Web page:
The Future of Counselling
Up to now we have looked at models of counselling that were developed in the 1950’s and 60’s and are still practiced today.
So do the theory’s of counselling developed 50 years ago fit the person of today?
Well the answer is yes and no, please bear with me while I explain.
I am going to use the word ‘Existential’ ..’Exist what?
It is an idea from philosophy that we struggle with the ridiculousness and ‘unfairness of life, for example the mother whose child dies, a man who never smoked getting lung cancer, someone who loves their partner very much only to find out they are having an affair, having a loved one die of a simple treatable illness because you live in a poor country not the so called ‘developed world’.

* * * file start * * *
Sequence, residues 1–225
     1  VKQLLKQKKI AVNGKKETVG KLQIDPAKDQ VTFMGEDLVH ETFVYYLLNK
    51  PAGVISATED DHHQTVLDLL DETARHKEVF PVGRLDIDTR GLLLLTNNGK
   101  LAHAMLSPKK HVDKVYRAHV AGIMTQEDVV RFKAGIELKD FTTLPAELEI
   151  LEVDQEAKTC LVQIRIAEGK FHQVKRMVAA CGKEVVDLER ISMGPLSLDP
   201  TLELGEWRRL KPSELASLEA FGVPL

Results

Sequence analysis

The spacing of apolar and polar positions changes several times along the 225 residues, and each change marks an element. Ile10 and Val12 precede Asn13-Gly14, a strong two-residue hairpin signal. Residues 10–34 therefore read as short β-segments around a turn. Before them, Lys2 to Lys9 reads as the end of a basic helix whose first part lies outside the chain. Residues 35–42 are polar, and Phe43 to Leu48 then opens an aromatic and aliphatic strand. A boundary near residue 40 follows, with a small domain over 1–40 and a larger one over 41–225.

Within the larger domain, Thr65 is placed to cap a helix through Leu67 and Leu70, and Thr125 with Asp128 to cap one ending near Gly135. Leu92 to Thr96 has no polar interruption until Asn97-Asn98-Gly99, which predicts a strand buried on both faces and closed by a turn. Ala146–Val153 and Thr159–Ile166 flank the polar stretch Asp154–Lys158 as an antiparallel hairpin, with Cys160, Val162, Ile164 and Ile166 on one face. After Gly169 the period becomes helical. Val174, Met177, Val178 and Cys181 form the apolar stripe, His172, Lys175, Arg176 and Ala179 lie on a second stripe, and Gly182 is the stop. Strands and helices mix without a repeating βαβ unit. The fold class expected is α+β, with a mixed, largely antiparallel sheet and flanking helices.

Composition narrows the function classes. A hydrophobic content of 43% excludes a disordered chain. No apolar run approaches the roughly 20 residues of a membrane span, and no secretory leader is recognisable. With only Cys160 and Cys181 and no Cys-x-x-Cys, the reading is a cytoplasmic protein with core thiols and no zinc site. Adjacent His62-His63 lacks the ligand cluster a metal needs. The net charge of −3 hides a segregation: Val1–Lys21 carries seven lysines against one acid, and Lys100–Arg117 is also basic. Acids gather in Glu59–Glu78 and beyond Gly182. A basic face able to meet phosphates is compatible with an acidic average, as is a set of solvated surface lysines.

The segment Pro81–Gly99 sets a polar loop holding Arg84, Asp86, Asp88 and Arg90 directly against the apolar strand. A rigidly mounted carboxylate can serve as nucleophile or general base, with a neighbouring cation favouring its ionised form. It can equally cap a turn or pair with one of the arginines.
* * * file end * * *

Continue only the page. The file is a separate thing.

These are the difficulties along with the bigger philosophical questions of who am I?, why am I here? , is there a God?, that have burdened humans for as long as they have walked the earth, So yes counselling theories developed half a century ago are still relevant today.
And the ‘No’?
In the last 50 years two things have happen in the world of psychology, the first is a huge amount of research has concluded that psychological distress has a number of causes and factors that we are just coming to understand and that counsellors need to be aware of.
The other big idea is neuroscience, the art of looking at how the structure, wiring and chemical composition of the brain affect our mood, we have a better understanding of why people get depressed, suffer post traumatic stress or suffer from dementia.
Modern technology can let medics see the brain working (or not) in real time.
It is also acknowledged that some clients may need a mixture of counselling approaches this is called integrative counselling and is used by counsellors trained in more than one approach.
At the time of writing researchers in the United States are experimenting with the drug ecstasy on clients suffering from Post Traumatic Stress, the research indicates that when using the drug clients can get in touch with the feelings of traumatic experiences and work through them.